The Senate also approved AB 827, a Bell-inspired bill by Assemblyman Hector De La Torre, (D-South Gate), which would ban employment contracts for public officials with built-in pay raises that exceed the cost of living index. The upper house also passed AB 194, by Alberto Torrico (D-Newark), which would limit the salary that public pensions can be based on in California to 125% of the governor’s salary.

As lawmakers worked late into the night Monday, the second to last day of the 2009-10 legislative session, Gov. Arnold Schwarzenegger took some action of his own, signing into law a measure expanding the list of environmentally friendly cars that qualify for permits to use carpool lanes.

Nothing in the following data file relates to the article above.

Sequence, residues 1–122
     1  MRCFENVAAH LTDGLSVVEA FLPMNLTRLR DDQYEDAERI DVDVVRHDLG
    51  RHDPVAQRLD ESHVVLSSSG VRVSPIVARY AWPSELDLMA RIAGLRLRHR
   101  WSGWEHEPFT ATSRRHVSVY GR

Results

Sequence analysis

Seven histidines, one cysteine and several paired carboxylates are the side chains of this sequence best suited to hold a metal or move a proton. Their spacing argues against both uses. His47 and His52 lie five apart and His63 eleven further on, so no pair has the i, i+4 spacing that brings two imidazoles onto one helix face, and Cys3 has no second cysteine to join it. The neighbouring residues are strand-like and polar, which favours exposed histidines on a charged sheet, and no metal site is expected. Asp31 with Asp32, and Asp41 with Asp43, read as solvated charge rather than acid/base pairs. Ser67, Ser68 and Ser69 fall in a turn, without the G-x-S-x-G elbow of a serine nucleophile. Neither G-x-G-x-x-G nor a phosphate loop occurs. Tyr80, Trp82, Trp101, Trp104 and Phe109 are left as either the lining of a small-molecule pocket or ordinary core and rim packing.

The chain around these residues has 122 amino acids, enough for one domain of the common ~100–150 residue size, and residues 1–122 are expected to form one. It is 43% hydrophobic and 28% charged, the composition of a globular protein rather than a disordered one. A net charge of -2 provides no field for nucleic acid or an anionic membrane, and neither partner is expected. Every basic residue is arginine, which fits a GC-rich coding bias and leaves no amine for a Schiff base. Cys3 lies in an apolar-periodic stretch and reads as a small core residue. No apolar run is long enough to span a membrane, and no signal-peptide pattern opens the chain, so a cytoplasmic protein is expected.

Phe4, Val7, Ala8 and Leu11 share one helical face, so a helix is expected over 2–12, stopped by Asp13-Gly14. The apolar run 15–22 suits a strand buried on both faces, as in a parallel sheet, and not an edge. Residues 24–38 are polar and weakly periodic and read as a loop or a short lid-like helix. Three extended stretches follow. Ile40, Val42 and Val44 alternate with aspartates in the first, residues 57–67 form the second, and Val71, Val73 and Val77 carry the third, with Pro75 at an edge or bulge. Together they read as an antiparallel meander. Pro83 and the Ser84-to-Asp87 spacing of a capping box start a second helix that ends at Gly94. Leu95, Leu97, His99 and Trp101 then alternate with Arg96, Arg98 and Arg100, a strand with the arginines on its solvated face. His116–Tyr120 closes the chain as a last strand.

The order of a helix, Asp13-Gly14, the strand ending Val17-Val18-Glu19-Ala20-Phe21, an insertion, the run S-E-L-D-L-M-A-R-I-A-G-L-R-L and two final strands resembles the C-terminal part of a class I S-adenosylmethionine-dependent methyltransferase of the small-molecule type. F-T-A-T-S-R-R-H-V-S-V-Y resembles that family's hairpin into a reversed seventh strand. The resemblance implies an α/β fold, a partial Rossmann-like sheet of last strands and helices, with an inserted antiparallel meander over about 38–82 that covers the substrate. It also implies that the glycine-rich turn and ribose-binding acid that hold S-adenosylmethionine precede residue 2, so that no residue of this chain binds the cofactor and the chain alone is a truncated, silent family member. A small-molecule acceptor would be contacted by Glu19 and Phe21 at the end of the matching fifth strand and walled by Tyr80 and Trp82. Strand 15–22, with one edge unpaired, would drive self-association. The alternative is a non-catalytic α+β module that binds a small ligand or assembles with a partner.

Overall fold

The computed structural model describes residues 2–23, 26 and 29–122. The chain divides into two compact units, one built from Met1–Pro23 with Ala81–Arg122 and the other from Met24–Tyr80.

The measure will allow up to 40,000 more California motorists to drive solo in the special lanes. It also extends the lifespan of existing permits for hybrid and electric vehicles. The bill, SB 535 by Sen. Leland Yee (D-San Francisco) and sponsored by General Motors, would provide thousands of permits for new models of fuel-efficient cars, including G.M.'s Chevrolet Volt, due out later this year, as well as the new Toyota Prius and Nissan Leaf.

The measure, which now includes plug-in hybrids and hydrogen fuel cell cars, was opposed by some lawmakers who say carpool lanes are getting too congested because of all the special permits for solo drivers. But Yee said his bill was needed because new cars are being built with technology that was not available when the state began permitting fuel-efficient cars to use carpool lanes.